Whether you have savings in your individual retirement account, in a Roth IRA or you hold it as a part of your taxable investments, the interest rate calculation is the same. The key difference is how much of your interest you get to keep working for you. Until you make a withdrawal in retirement, none of your interest goes to pay taxes with an IRA, meaning that you have more money to compound for you.
Savings accounts certificates of deposit are both essentially loans that you make to your bank. When you deposit money at your bank, you give the bank license to use the money as it sees fit. Just like when you borrow money and pay interest, the bank pays you interest on the money it borrows from you. With a savings account, you can call the loan at any time by withdrawing your money, so the bank typically pays you a low rate. CDs accounts, though, are more stable for the bank, since you agree to let the bank have your money for a set period of time, so it usually will pay you a higher rate.
Banks usually quote interest rates annually. A $95,000 account with a 1 percent interest rate should receive $950 in interest per year. However, most banks compound the interest throughout the year, with daily compounding being common. Daily compounding means that the bank pays you a little bit of interest every day, adds it to your balance and pays the next day's interest on the higher balance. For instance, if you have a 1 percent rate, you actually get 0.00274 percent interest per day. At the end of the day on Jan. 1 your $95,000 balance turns into $95,002.60, and at the end of the day on January 2, you have $95,005.21. This continues throughout the year, and you end up with roughly $95,954.75, instead of the $95,950 that you'd get with simple interest. The higher yield that you get through compounding is sometimes expressed as an annual percentage yield. The APY of a 1 percent account with daily compounding is approximately 1.005 percent.
Where the IRA comes into in play is in the fact that it keeps your interest working for you. If you earned $954.75 in a taxable account and had to pay 25 percent tax on it, you'd only have $716.06 left. In year two, the IRA account goes from $95,954.75 to $96,919.10, while your taxable account goes from $95,716.06 to $96,678.01, but after $240.49 in taxes, you only have $96,437.52 left. After 20 years, the IRA has $116,032.88 while the taxable one has just $110,394.64. After paying 25 percent tax on your IRA's $21,032.90 earnings in one lump sum, you'd have $110,774.68 left.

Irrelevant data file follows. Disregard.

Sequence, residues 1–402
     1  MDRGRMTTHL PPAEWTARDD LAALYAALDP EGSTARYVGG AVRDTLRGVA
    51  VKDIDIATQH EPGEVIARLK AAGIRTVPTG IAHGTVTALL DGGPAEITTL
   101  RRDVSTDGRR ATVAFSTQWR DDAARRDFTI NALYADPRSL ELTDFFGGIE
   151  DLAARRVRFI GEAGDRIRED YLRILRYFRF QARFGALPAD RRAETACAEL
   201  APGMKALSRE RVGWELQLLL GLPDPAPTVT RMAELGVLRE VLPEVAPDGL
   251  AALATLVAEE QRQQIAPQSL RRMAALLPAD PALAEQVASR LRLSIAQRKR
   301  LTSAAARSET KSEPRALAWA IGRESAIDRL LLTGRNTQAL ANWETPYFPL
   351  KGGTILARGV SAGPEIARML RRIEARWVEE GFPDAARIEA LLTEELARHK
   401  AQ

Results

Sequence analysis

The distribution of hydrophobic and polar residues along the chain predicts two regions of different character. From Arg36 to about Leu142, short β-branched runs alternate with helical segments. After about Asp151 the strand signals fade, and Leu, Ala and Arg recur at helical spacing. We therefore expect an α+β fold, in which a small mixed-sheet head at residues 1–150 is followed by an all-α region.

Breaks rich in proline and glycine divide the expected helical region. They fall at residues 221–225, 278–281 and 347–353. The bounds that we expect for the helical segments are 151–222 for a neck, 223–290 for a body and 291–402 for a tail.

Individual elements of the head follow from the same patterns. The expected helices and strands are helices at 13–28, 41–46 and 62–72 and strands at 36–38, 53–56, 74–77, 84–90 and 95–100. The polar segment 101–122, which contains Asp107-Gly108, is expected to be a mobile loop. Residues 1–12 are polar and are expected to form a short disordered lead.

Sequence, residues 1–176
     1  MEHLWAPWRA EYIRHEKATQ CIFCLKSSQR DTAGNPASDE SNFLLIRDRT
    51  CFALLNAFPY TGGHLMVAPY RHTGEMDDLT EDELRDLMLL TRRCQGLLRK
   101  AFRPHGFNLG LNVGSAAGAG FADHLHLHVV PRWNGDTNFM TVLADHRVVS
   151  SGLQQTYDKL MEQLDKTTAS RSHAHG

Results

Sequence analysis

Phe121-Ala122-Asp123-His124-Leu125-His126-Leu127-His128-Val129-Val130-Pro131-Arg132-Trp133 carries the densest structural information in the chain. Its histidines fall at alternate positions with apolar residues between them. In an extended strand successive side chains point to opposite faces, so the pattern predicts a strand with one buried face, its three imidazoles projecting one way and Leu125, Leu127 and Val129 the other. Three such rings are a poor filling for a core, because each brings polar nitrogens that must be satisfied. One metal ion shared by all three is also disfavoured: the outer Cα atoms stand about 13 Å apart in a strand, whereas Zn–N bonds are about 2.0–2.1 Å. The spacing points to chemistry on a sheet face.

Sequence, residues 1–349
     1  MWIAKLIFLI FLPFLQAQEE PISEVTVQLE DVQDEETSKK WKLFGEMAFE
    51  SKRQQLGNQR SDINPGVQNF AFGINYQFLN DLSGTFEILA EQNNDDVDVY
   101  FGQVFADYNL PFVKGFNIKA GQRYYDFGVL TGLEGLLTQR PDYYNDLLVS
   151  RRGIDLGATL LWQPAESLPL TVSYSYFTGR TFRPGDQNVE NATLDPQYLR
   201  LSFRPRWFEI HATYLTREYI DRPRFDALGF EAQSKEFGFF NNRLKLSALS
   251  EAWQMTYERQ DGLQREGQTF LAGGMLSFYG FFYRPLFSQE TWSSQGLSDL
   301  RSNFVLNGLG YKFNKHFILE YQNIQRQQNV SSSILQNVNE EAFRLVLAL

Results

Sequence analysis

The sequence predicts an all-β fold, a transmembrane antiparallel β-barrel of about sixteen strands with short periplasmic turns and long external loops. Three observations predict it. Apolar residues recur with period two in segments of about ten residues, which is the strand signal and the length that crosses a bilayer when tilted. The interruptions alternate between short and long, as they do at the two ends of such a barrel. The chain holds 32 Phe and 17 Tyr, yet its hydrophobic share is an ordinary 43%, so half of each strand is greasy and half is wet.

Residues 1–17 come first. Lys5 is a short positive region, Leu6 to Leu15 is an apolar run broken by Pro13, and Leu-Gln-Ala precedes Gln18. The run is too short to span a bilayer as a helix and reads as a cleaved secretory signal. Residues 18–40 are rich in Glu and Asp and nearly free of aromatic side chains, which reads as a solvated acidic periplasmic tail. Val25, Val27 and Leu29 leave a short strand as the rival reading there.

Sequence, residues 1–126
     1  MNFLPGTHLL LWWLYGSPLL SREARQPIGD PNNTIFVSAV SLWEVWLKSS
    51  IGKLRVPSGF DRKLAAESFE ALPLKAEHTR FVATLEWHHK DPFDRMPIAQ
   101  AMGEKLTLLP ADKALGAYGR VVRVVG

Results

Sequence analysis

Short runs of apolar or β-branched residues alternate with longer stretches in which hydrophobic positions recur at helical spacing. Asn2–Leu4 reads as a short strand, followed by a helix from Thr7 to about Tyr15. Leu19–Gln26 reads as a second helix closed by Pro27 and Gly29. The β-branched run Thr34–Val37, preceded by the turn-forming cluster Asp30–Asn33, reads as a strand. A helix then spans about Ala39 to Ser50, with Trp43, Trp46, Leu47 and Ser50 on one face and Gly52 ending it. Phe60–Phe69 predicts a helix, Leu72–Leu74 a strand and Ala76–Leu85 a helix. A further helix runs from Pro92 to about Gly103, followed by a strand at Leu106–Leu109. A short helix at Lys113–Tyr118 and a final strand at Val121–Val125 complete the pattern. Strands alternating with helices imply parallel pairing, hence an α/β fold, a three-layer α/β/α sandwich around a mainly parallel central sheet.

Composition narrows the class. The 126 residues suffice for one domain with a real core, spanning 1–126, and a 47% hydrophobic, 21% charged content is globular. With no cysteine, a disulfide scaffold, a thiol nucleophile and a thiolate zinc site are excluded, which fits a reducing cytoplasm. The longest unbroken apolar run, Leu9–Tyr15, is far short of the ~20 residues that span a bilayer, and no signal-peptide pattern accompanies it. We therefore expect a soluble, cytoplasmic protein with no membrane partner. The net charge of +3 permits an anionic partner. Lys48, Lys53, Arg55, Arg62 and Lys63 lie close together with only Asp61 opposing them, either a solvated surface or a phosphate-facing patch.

At low interest rates, compounding and the impact of tax savings aren't that big. A small improvement on a small amount doesn't matter much. However, the numbers work differently on accounts with a higher rate of return. From 1993 through 2012, the average annual interest on a five-year CD was 5.116 percent, which works out to roughly 0.014 percent interest per day. $95,000 invested for 20 years at that interest rate in a taxable account turns into $205,631.96. In an IRA, it turns into $264,278.95 and, after paying $42,319.74 in taxes, you'd still have $221,959.22 left. The daily compounding makes a difference, too. In year one, you earn $4,986.31 in interest compounded, but a straight 5.116 percent interest rate non-compounded would work out to just $4,860.20.
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